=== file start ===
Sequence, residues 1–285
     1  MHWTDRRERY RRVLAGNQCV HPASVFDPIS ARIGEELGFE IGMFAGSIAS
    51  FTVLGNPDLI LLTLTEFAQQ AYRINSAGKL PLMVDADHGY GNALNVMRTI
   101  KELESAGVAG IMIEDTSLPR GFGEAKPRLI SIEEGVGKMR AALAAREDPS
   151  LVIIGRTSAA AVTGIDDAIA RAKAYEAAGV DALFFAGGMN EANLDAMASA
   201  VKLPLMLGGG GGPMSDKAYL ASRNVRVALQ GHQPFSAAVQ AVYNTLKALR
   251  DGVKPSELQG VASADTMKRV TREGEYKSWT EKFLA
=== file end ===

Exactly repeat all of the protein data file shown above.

Sequence, residues 1–285
     1  MHWTDRRERY RRVLAGNQCV HPASVFDPIS ARIGEELGFE IGMFAGSIAS
    51  FTVLGNPDLI LLTLTEFAQQ AYRINSAGKL PLMVDADHGY GNALNVMRTI
   101  KELESAGVAG IMIEDTSLPR GFGEAKPRLI SIEEGVGKMR AALAAREDPS
   151  LVIIGRTSAA AVTGIDDAIA RAKAYEAAGV DALFFAGGMN EANLDAMASA
   201  VKLPLMLGGG GGPMSDKAYL ASRNVRVALQ GHQPFSAAVQ AVYNTLKALR
   251  DGVKPSELQG VASADTMKRV TREGEYKSWT EKFLA